An investor might choose to invest a proportion of his or her wealth in a portfolio of risky assets with the remainder in cash—earning interest at the risk free rate (or indeed may borrow money to fund his or her purchase of risky assets in which case there is a negative cash weighting). Here, the ratio of risky assets to risk free asset does not determine overall return—this relationship is clearly linear. It is thus possible to achieve a particular return in one of two ways:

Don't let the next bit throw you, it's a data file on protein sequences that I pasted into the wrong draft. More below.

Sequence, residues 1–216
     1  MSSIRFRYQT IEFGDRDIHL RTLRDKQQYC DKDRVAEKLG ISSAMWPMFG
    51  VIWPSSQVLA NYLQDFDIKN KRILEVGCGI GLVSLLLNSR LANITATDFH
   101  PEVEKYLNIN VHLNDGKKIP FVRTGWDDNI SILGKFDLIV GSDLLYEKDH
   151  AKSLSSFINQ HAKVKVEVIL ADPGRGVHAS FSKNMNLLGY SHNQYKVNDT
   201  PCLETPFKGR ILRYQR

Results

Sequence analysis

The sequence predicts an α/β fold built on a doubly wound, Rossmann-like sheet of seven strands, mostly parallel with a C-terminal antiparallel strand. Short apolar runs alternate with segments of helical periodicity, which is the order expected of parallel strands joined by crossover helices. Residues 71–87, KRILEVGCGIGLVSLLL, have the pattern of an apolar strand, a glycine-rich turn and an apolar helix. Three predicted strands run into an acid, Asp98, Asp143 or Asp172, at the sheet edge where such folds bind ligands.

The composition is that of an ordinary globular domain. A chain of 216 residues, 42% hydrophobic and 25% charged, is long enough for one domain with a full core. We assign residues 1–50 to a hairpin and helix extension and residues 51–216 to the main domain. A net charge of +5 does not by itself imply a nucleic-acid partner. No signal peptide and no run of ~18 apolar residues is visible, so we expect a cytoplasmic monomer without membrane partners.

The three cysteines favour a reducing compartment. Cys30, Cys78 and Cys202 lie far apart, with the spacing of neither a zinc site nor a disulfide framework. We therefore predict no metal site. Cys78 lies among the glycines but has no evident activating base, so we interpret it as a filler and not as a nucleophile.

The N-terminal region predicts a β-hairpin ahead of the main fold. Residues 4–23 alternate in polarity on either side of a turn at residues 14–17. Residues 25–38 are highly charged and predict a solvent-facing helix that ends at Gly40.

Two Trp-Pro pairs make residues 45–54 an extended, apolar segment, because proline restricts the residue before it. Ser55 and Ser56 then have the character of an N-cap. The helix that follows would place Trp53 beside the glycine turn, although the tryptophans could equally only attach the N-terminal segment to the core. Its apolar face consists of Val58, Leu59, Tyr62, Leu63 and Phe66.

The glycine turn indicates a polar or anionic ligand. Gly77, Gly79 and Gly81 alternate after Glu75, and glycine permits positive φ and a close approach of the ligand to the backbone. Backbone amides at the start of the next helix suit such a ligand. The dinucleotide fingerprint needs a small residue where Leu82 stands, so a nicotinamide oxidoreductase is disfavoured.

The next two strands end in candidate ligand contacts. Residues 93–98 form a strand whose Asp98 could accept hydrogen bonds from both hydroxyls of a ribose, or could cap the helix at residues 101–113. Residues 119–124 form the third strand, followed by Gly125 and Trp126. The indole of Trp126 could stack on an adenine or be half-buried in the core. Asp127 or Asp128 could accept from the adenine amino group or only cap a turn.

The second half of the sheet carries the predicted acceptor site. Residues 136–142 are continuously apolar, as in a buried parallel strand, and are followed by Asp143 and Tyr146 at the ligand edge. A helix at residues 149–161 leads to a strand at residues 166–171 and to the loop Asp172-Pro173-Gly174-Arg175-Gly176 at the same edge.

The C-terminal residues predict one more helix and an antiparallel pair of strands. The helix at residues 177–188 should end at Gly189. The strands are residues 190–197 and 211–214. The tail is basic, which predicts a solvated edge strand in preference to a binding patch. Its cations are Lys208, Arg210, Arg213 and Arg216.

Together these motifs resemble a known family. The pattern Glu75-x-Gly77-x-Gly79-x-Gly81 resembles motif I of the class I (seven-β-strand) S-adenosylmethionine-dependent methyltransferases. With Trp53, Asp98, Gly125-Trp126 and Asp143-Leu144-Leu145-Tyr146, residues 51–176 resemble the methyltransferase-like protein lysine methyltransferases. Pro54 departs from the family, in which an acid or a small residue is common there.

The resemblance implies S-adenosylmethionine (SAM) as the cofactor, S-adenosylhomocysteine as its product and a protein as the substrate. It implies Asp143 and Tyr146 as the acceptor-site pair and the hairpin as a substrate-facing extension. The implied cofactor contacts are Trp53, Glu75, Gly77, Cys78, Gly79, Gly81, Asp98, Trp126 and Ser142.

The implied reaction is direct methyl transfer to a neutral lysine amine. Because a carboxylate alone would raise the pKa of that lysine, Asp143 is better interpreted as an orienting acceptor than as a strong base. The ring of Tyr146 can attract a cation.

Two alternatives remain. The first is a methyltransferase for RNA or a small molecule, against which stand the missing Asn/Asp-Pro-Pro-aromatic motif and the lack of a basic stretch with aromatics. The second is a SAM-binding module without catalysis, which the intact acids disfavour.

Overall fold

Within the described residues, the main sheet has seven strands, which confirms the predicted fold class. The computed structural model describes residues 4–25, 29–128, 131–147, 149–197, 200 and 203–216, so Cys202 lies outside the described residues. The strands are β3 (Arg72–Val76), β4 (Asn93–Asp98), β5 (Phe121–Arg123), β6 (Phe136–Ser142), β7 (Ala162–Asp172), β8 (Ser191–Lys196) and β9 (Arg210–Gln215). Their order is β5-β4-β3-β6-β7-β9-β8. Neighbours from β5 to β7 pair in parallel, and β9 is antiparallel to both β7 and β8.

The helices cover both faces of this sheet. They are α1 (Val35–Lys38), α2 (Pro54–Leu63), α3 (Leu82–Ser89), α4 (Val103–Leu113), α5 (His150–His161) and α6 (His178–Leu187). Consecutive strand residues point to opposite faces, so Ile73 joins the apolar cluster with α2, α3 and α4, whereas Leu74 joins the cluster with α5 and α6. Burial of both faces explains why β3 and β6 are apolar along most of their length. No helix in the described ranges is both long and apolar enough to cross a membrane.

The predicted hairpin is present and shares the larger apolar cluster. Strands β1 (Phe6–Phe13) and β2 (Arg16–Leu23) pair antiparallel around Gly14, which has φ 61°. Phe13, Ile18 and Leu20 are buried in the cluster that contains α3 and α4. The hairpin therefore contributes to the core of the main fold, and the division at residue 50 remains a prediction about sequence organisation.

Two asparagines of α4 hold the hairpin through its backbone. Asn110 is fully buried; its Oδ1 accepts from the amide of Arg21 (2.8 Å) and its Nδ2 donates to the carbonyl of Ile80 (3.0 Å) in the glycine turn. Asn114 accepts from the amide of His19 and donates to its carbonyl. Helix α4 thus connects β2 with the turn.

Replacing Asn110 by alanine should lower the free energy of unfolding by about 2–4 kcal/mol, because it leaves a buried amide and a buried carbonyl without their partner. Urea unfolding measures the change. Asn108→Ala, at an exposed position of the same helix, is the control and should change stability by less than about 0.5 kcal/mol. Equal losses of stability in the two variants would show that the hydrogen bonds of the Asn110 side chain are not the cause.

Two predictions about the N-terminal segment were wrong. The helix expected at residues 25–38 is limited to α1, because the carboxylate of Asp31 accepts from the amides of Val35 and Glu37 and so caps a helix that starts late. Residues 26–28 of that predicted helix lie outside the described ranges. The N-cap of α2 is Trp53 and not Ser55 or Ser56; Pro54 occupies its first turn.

- By investing all of one's wealth in a risky portfolio,
- or by investing a proportion in a risky portfolio and the remainder in cash (either borrowed or invested).
For a given level of return, however, only one of these portfolios will be optimal (in the sense of lowest risk). Since the risk free asset is, by definition, uncorrelated with any other asset, option 2 will generally have the lower variance and hence be the more efficient of the two.
This relationship also holds for portfolios along the efficient frontier: a higher return portfolio plus cash is more efficient than a lower return portfolio alone for that lower level of return. For a given risk free rate, there is only one optimal portfolio which can be combined with cash to achieve the lowest level of risk for any possible return. This is the market portfolio.